On the Trails of the Glaciers arrives at Los Glaciares National Park, Argentina

On the Trails of the Glaciers reaches Argentina. Ventura’s photographs compare glaciers’ current conditions with those prior to the rise in global temperatures.

The Upsala Glacier is Argentina’s second largest. Here, according to Fabiano Ventura and his team, explorer and priest Alberto Maria De Agostini took a series of seven pictures. On the Trails of the Glaciers’ new expedition was in Los Glaciares National Park, from the 2nd to the 10th of March, in order to “photograph” global warming by capturing melting ice.


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“The view of the glacier is breathtaking. The valley is 60 kilomtres long and 5 kilometres wide. The trim line – the signs of erosion on the side of the valley formed by the glacier during the Little Ice Age that are up to 500 metres high – is perfectly visible,” wrote Ventura in his diary.

The trim lime marks the previous height of a glacier and can be recognised, among other things, by the colour of the rocks, as well as the presence or absence of vegetation.


After climbing for a few hundreds of metres, Ventura found the exact point where De Agostini took his pictures, eighty years ago. “The view from De Agostini’s spot is awesome,” said Ventura. “Realising how ice disappeared from such a huge valley, though, is disheartening”.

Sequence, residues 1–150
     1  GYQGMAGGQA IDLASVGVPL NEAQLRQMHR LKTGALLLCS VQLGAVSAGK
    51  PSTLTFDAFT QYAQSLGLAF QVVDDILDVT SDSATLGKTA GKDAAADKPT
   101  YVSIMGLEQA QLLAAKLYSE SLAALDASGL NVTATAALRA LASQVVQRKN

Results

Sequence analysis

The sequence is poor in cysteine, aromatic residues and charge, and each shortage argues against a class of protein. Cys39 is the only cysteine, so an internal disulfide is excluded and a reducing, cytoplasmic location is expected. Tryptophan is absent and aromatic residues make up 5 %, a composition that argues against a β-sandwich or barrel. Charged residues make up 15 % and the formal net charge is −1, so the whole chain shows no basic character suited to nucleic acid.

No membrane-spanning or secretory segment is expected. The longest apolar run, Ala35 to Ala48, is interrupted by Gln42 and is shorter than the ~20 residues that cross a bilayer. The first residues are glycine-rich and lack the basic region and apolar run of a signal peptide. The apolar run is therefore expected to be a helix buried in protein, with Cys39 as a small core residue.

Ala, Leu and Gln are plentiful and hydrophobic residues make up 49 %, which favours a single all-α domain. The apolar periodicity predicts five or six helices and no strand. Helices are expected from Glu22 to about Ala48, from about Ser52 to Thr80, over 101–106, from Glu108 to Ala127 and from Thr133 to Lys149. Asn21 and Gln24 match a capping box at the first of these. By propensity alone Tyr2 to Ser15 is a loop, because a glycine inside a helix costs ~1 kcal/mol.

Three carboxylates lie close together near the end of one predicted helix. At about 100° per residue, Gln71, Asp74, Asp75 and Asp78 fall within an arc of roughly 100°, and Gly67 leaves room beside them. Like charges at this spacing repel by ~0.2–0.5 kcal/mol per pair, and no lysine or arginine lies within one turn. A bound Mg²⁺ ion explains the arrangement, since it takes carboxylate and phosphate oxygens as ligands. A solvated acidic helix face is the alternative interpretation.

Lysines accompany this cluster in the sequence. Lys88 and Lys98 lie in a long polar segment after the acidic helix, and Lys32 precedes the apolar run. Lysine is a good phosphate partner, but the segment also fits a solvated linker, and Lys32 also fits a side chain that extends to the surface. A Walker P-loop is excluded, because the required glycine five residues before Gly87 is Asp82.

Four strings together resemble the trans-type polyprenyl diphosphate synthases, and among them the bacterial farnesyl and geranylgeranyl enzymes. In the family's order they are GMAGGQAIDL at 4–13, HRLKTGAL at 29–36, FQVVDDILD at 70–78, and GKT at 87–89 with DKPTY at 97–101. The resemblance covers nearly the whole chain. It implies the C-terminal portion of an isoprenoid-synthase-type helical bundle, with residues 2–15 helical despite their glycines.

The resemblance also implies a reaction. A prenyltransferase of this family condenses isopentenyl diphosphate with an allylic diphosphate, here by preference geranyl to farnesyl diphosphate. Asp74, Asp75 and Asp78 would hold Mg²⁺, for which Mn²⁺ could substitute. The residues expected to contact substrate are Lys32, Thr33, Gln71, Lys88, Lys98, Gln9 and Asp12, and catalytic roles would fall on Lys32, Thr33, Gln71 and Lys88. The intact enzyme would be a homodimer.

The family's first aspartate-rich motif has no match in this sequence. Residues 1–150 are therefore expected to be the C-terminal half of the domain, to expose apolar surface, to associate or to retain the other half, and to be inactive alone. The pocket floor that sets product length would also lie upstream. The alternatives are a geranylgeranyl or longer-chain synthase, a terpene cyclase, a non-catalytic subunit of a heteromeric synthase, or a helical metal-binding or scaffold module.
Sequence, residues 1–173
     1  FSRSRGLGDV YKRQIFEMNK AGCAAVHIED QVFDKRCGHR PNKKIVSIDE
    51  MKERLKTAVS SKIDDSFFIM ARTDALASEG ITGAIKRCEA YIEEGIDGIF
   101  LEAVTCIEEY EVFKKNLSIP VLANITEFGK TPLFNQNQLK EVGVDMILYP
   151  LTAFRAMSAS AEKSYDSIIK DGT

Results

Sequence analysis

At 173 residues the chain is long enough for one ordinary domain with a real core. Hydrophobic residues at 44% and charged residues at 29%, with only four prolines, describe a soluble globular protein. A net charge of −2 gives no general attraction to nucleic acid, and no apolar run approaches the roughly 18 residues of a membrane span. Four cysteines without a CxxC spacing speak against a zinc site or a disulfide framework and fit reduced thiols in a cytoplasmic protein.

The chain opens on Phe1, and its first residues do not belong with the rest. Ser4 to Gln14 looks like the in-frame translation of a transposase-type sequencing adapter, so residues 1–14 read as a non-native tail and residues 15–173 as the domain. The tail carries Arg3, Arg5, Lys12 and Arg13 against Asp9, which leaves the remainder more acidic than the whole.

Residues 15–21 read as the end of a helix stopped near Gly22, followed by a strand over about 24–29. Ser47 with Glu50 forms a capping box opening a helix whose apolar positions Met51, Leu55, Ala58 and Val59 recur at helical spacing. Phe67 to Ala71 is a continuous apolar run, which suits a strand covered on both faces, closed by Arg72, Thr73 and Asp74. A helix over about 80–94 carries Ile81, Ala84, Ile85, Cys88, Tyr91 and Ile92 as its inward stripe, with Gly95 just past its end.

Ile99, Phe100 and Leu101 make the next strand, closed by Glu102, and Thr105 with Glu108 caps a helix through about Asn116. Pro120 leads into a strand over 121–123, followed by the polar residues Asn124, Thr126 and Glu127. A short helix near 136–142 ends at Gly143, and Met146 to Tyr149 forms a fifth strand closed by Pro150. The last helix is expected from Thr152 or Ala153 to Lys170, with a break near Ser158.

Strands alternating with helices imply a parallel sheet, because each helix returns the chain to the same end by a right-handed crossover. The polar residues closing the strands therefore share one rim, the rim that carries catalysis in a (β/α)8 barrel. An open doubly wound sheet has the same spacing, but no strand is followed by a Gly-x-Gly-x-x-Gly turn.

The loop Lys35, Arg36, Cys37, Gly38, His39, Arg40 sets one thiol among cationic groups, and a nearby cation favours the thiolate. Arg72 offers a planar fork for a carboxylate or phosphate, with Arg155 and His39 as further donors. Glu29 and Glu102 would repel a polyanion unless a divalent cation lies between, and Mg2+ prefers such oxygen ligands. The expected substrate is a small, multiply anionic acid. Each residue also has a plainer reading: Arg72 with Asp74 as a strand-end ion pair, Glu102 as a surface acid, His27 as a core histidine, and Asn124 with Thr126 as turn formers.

The expedition then reached the Ameghino Glacier, where the photography session was characterised by the presence of strong winds. Here, the retreat of the ice is also remarkable: “Where once there was a long, white ice tongue, now there are only rocks and a lagoon 4 kilometre long,” writes Ventura.

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Spegazzini was the last glacier visited on this expedition. Here, vegetation is less thick but weather conditions are harsh. A snowstorm forced the team to take refuge under rocky walls. Despite this, Ventura managed to take his last picture: “I couldn’t leave this place, which we reached with difficulty, without taking any pictures. I’ve dreamed about this shot for years, I couldn’t wait any longer”.

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